The Senate Judiciary Committee is holding a hearing this morning on “The State of the Right to Vote After the 2012 Election.” 2011 and 2012 saw an influx of state laws and administrative decisions designed to make it harder for certain groups of people to vote, actions that we documented in our 2011 report “The Right to Vote Under Attack” and in a 2012 update.
People For the American Way Foundation’s leadership programs were active in combatting voter suppression efforts across the country by getting out the vote among targeted groups. PFAW Foundation’s Young People For program worked with campus leaders across the country to mobilize over 22,000 young voters. And PFAW Foundation’s African American Ministers Leadership Council worked with African-American clergy in 22 states to facilitate 400,000 voter registrations and transport over 27,000 people to the polls.
Minister Leslie Watson Malachi, Director of African American Religious Affairs, submitted testimony [pdf] for today’s hearing about AAMLC’s voting rights work. She wrote:
Across the country, restrictions on voting led to confusion and discouragement among voters. But they also were a powerful motivator, especially for those of us who lived and fought through the Civil Rights Movement. As Elder Lee Harris of Mt. Olive Primitive Baptist Church in Jacksonville, Florida, put it, “We’ve come too far and fought too hard to let anybody take away our vote again.” Our task was to reach out to as many voters as we could to educate them on what they needed to vote and to make sure they got to the polls and stayed there.
Minister Malachi also emphasized the importance of the Voting Rights Act, which will be reviewed by the Supreme Court next year:
In the end, our efforts to educate and organize can only go so far. Equally important in the effort to maintain the right to vote has been the role of state and federal courts, where Americans can turn when powerful forces seek to deprive them of their right to vote. Federal courts play a particularly important role in protecting the guarantees set forth in the Voting Rights Act. From Ohio to Florida to Pennsylvania to South Carolina to Texas, the courts were critical in tamping down efforts to suppress the votes of African Americans and other targeted groups. As the Supreme Court prepares to review Section 5 of the Voting Rights Act, this year offered us many powerful reminders that the preclearance provisions of the VRA are still relevant and still vitally necessary. In August, when a federal court struck down Texas’ new voter ID requirement, Rev. Dr. Simeon L. Queen of Prairie View, Texas, offered these words:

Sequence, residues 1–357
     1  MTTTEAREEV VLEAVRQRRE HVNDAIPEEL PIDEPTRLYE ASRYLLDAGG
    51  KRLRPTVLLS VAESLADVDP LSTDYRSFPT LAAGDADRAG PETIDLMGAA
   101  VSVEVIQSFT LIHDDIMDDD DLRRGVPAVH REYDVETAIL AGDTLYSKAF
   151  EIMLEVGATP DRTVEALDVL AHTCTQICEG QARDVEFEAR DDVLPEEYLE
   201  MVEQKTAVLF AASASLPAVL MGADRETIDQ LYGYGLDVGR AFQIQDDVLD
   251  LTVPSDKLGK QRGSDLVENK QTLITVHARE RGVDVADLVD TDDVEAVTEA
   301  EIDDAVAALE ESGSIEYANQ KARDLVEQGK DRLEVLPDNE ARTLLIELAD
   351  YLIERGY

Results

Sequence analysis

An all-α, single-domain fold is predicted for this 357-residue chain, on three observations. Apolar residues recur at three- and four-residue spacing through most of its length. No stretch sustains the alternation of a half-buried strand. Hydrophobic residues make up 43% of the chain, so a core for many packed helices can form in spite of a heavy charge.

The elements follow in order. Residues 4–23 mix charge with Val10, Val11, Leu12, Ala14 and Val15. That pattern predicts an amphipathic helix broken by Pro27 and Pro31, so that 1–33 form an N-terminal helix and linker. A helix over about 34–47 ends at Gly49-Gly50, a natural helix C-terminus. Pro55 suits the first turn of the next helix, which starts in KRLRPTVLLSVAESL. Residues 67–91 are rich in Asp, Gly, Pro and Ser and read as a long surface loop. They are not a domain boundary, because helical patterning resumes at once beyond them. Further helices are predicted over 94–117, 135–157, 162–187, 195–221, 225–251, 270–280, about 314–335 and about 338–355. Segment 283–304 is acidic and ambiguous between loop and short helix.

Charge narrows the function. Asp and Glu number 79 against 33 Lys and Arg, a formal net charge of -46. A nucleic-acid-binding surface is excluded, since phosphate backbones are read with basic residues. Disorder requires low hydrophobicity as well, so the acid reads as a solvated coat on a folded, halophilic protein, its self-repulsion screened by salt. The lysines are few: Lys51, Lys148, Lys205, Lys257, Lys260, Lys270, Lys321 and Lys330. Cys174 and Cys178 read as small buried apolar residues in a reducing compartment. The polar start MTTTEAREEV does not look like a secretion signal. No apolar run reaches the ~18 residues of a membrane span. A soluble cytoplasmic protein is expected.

“It is inexcusable that nearly 50 years after the passage of the Voting Rights Act, politicians are still trying to make it harder for African Americans in Texas to vote. I wish the Voting Rights Act wasn’t still necessary, but thank the Lord it’s still there. African Americans in Texas have struggled throughout our history to exercise all of our rights as citizens, including the right to vote without unnecessary restrictions meant to discourage and disenfranchise. Today, thanks to the Voting Rights Act, a major threat to that effort has been defeated.”
You can read Minister Malachi’s full testimony here [pdf].